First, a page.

Every stepfamily situation is different – and that includes communication between homes. As with every aspect of step and blended family life, I encourage you to do what’s right for your family, and also be flexible: what works in one season might not be appropriate for the next. You have several options for who does the communicating, and how.
All communication between the biological parents.
Why this works well: Eliminates potential (or continued) conflict between mom and stepmom. Places responsibility for stepkids on biological parents.
What to watch out for: Dad makes decisions or agrees on items that directly affect the stepmom – without communicating with her. Mom initiates conversation that is inappropriate or unrelated to stepkids.
Over the past year, my husband has transitioned to be the sole communicator with his ex-wife. I believe a lot of it has to do with my stepson’s age (he just turned 18). Most of the conversations stem from joint decisions about his car, college, and travel arrangements. Although I used to be in communication with my stepson’s mom on a regular basis, I have taken a step back and let my two guys navigate this season. They are great about keeping me in the loop!
Communication primarily between mom and stepmom.
Why this works well: Personal history between dad and mom can prevent effective communication about what’s best for the kids. Stepmom may also be the primary coordinator of daily activities (education, doctor’s appointments, transportation, etc.).
What to watch out for: Mom initiates conversation with stepmom that is inappropriate, including acquiring information that could later be used for custody or court hearings.
When my stepson was first admitted to the hospital years ago, my stepdaughter’s mom wouldn’t allow her to visit him (they have different moms). We had just finished Christmas visitation with her a few days prior, and this was “on her mom’s time.” My husband attempted to speak with his ex, but the conversation quickly became heated. He finally handed the phone to me, and I was able to speak to her, mom to mom. She not only let my stepdaughter spend several days at the hospital with us, but it opened up a channel of communication that was invaluable.
Open communication between dad, mom and stepmom.
Why this works well: Keeps all parents on the same page and fosters positive relationship between mom and stepmom.
What to watch out for: Side conversations that undermine the group parenting atmosphere, i.e. leveraging relationship with one parent against the other.
I spent about one year as the sole caretaker of my stepson during the week. I was the first point of contact for teachers, doctor’s offices, and after-school care, and disseminated the information to my husband and his ex-wife from there. It worked well for us during that season because I made special effort to include them both in the decision-making process – but also had the authority to make the best decision for my stepson in the moment. Even though I have taken a step back, there are areas of parenting that both my husband and his ex-wife lean on my “expertise” from that season.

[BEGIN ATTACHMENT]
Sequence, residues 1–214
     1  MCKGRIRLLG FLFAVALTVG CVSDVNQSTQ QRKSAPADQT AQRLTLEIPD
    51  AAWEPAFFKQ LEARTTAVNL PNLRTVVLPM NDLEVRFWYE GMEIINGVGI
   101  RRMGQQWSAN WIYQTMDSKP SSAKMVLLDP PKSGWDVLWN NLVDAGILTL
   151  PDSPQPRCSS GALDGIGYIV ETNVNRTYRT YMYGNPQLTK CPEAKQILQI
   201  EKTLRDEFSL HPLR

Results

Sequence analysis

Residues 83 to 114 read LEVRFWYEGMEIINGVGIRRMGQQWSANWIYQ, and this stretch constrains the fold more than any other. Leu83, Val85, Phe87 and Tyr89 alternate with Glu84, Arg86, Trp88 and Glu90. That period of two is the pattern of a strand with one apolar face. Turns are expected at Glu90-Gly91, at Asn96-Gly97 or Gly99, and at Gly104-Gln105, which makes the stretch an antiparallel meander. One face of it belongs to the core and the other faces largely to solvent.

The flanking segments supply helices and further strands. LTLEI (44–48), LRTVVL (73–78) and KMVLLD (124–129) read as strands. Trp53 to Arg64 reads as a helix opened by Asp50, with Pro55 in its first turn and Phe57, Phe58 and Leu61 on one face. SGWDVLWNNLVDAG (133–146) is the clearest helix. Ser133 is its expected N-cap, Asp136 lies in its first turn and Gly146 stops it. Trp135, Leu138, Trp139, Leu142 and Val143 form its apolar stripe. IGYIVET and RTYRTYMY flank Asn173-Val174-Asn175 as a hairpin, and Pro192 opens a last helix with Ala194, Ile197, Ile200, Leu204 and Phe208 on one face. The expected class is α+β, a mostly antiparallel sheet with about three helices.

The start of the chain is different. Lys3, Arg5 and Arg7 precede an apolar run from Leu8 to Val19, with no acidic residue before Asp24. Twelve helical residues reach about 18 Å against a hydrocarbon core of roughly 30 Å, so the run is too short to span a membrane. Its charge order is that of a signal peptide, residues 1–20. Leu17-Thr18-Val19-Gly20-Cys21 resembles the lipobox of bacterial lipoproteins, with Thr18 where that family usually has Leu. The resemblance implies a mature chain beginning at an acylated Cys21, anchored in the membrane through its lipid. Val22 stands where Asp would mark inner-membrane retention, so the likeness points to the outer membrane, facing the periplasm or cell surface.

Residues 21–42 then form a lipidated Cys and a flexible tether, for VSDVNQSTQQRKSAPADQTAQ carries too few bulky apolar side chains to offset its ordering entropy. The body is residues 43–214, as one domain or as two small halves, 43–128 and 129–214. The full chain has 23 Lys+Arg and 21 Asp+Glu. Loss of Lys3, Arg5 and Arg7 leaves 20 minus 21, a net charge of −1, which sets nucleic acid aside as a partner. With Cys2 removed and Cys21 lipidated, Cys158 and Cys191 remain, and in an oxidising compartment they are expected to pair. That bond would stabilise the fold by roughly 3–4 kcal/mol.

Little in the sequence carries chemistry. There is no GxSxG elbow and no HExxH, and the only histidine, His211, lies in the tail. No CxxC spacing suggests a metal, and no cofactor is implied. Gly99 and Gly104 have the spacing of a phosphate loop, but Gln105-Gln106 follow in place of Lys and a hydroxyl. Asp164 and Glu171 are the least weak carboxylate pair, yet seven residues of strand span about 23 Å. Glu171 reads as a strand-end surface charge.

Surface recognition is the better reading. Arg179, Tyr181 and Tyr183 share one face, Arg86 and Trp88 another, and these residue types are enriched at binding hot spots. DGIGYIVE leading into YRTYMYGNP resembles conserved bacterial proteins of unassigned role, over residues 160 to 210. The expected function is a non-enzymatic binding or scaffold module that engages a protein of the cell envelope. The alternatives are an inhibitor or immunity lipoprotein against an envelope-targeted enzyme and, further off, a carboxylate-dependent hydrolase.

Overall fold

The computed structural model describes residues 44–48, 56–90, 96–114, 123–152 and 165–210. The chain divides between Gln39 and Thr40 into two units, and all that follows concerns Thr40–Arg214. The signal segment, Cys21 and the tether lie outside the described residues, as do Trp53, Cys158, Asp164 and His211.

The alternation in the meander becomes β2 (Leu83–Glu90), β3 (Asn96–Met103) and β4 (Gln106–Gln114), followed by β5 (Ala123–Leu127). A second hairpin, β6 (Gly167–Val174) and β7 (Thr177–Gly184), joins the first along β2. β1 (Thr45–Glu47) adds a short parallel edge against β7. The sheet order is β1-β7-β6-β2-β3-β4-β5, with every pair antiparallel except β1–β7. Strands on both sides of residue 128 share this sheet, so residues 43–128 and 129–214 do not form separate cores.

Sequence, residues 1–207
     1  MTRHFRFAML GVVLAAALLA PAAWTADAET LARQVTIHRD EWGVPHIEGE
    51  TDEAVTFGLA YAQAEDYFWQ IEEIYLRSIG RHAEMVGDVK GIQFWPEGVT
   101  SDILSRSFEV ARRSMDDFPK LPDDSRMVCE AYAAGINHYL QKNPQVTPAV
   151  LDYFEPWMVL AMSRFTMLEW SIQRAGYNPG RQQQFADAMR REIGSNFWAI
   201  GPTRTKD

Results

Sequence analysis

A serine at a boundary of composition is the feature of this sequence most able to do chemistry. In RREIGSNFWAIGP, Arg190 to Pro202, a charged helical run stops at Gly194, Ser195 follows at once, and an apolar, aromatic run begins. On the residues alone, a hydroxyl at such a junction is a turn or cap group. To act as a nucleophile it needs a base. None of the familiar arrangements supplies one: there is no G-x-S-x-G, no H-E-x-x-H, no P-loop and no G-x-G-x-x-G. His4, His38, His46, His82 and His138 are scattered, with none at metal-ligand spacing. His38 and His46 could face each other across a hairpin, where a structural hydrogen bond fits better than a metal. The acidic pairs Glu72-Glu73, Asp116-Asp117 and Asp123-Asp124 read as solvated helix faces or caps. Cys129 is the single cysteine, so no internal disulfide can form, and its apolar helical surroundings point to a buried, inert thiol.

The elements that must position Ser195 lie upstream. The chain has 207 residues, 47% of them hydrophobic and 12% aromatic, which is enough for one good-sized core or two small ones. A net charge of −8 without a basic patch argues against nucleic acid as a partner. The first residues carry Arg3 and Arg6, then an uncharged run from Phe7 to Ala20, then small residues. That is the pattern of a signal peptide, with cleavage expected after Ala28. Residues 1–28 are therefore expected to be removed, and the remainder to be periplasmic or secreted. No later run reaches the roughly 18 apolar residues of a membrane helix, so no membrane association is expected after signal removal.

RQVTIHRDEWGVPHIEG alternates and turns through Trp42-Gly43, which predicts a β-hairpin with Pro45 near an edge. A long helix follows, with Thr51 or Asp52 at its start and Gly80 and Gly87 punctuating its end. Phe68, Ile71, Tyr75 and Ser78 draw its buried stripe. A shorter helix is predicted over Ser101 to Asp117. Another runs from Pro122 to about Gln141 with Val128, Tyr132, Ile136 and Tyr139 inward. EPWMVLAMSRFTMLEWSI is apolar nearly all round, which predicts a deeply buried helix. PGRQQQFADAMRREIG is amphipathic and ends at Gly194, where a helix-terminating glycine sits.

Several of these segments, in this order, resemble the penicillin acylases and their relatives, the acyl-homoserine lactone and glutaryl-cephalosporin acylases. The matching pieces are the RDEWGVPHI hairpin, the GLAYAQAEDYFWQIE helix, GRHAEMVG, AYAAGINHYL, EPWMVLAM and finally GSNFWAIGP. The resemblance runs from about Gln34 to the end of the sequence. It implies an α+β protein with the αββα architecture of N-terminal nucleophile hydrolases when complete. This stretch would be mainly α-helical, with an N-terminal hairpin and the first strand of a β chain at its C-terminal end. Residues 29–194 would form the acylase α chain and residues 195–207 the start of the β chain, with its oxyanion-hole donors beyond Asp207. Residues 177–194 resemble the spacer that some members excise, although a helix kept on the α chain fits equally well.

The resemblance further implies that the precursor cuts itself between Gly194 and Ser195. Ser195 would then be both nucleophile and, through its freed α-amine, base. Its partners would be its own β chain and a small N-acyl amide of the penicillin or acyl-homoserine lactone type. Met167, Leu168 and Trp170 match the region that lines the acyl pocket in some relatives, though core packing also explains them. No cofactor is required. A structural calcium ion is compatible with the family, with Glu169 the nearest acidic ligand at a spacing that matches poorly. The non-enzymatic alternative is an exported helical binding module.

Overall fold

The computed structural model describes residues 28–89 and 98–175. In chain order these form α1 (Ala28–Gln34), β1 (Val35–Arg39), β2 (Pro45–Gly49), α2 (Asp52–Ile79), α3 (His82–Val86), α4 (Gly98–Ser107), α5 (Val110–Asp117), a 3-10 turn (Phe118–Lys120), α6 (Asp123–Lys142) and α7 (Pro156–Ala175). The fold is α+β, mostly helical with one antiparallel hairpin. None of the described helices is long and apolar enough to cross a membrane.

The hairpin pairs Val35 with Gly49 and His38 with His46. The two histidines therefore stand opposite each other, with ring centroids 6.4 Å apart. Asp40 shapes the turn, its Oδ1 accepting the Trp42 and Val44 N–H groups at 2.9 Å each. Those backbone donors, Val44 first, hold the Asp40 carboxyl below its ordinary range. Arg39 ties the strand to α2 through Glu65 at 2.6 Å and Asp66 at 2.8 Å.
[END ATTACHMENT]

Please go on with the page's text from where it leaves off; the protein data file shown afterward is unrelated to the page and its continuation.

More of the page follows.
Electronic communication only.
Why this works well: When viral or in-person communication isn’t possible without being escalated or using abusive/inappropriate language. Tools like Our Family Wizard® are often court-ordered, or advised by legal counsel.
What to watch out for: Written communication is often admissible in court proceedings. Using electronic communication solely can also delay the relaying of urgent information.
There were a few years during my stepdaughter’s childhood that phone conversations between my husband and her mom weren’t healthy for anybody. Even the most straightforward conversations escalated into an argument, and it was hard on my stepdaughter to see and hear her parents fight. They eventually decided to communicate solely via email, reserving phone conversations for emergencies only. Even though it decreased the amount and frequency of information exchanged, the quality of their communication was much better! It also opened the door to healthier communication years later by preventing further damage to their relationship.
Show respect for all people, [and] treat them honorably. – 1 Peter 2:17
I can’t stress enough how important it is to have an open line of communication between your stepkids’ two homes. However, don’t misread “open” as without clear boundaries or respectful language. Ask yourself if your family’s current method and mode of communication is working, and don’t let your personal feelings compromise this interaction. I know it can be a hard pill to swallow, but in some situations and seasons, it really is in your stepkids’ best interest to be left out of direct communication with their mom. As one of my favorite Pastors taught me: I don’t have to be right, but it has to be right.